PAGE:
Human Rights Commission Denounces Clashes in Libyan Capital


On Monday, the National Commission for Human Rights in Libya (NCHRL) called on the Attorney General and the Military Prosecutor to “open a comprehensive probe into the circumstances of the armed clashes that turned many residential neighbourhoods in Tripoli, into a battlefield.”

In a statement, the NCHRL urged for |holding those responsible for such violent clashes accountable and bringing them to justice.” As well as “end impunity for acts of violence, destabilising security and stability, and undermining the rule of law.”

The Commission strongly condemned the armed clashes and acts of violence that broke out yesterday evening, Sunday, in Tripoli, between the 444th Brigade, and the Special Deterrence Force (SDF).

Local residents reported hearing crossfire, and spoke of the heavy deployment of military vehicles, amid fears of an escalation in fighting during the coming hours.

It also reaffirmed that those acts of violence and armed clashes prove the failure of the Ministry of Interior in the Government of National Unity (GNU) to ensure the security, safety, and protection of citizens.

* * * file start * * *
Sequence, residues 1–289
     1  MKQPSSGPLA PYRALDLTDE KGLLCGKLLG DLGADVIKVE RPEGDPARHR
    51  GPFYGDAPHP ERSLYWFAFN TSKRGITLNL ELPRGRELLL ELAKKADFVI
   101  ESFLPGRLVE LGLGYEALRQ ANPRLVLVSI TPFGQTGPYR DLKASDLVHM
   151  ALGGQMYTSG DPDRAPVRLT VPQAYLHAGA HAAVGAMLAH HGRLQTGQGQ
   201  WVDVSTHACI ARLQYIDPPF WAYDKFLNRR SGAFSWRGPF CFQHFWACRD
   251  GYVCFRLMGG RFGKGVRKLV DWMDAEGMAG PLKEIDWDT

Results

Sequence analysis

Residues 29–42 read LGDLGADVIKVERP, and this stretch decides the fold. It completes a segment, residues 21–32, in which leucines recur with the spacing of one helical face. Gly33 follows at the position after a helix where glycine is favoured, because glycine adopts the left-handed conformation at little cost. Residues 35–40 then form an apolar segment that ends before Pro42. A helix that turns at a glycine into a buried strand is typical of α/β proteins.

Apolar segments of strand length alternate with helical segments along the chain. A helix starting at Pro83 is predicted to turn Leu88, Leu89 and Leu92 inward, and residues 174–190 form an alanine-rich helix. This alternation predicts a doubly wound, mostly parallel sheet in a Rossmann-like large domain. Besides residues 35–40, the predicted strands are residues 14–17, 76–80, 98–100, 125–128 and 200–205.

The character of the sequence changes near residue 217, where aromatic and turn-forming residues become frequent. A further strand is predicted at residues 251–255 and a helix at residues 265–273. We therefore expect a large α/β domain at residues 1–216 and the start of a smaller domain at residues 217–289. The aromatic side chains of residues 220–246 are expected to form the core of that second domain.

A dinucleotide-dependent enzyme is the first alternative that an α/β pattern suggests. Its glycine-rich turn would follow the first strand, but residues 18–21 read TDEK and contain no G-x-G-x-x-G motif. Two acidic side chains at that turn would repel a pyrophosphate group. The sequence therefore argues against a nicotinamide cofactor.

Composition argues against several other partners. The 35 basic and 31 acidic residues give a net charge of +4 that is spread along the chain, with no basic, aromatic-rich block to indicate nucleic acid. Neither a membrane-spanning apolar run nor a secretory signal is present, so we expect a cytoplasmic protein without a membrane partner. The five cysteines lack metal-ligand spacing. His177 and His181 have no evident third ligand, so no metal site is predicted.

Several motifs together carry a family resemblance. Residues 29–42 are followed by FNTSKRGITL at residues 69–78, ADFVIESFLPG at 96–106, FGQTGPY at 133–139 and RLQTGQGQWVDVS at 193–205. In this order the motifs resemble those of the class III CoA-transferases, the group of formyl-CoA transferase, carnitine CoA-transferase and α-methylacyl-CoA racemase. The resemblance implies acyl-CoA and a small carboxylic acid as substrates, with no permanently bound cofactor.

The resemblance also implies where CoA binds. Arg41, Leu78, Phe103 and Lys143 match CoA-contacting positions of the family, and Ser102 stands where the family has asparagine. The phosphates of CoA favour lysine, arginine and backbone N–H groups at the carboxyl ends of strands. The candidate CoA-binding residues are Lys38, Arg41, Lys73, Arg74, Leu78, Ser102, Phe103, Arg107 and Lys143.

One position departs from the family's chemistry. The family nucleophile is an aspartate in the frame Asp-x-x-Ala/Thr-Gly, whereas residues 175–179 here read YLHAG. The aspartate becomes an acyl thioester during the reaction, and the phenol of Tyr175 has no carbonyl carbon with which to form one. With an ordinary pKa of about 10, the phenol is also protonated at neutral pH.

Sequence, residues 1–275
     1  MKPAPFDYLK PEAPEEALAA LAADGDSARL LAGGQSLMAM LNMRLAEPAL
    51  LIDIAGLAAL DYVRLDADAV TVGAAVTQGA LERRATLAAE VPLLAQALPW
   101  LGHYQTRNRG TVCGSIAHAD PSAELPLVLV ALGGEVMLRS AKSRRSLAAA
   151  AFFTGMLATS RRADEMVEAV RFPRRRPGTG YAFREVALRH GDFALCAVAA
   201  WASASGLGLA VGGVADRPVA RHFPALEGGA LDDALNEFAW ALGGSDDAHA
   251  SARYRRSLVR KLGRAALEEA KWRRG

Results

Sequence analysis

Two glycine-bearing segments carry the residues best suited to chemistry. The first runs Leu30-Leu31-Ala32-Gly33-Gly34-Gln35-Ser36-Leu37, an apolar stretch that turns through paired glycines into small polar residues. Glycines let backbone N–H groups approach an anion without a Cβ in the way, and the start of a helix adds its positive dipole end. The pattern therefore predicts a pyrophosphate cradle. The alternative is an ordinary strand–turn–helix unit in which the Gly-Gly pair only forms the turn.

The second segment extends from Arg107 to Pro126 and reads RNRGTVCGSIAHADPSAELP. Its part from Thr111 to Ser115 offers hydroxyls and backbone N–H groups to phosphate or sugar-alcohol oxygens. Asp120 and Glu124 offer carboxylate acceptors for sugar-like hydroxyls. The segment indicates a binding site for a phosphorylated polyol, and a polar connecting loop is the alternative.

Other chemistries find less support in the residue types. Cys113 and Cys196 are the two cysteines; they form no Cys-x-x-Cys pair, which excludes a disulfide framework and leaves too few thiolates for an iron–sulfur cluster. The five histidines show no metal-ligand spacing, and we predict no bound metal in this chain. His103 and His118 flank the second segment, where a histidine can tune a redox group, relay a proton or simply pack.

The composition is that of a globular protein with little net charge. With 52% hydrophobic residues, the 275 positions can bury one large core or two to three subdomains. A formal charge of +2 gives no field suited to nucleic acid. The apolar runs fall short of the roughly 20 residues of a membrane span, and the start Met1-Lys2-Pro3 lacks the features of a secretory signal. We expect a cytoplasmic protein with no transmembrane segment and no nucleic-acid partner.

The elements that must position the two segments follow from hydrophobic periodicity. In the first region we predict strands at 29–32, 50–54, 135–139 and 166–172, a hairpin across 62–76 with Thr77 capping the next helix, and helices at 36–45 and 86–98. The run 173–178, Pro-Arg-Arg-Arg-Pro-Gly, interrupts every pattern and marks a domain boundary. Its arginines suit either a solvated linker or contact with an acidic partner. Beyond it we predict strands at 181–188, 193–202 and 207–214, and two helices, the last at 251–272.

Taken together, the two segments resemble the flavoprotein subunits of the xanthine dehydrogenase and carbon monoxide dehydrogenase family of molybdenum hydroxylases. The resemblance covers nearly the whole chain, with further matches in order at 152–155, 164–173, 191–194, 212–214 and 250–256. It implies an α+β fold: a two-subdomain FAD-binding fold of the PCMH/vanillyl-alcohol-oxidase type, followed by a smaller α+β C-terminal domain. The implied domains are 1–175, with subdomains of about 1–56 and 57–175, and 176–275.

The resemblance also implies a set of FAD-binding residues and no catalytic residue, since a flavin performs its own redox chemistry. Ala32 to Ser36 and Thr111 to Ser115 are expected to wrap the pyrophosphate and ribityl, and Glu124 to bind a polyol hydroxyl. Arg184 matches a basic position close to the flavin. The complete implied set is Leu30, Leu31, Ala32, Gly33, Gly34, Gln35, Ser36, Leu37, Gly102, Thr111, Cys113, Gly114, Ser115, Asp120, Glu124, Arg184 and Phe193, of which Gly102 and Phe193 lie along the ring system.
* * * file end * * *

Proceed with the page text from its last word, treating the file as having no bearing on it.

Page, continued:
The NCHRL also stressed the need to restructure the security sector by dismantling outlawed armed groups and reintegrating them with a unified Libyan Army.

The Commission held all parties involved in acts of violence fully liable for the consequential damages caused to citizens and their property.

It also called on the Libyan authorities to “closely follow up on everything that is going on, and endeavour to establish justice among all citizens,” according to the statement.

This tension highlights the issues facing the country, which has two rival governments. This also draws attention to the complexities facing the political solution, and the difficulty of reaching stability.

These repeated clashes are of concern to the international community, including the United Nations, which has condemned the violence on multiple occasions. It has called on the country’s leaders to respect the ceasefire agreement and to return to political talks to get out of the crisis and reach elections.

Safety in Tripoli is continuously deteriorating, with threats of kidnapping and murder a daily occurrence for residents.

Over the years, kidnappings, arrests, and assassinations have increased substantially in western Libya. This is evident in the repeated statements of the Ministry of Interior, about the arrest of gangs and individuals involved in the kidnapping and extortion of expatriate workers.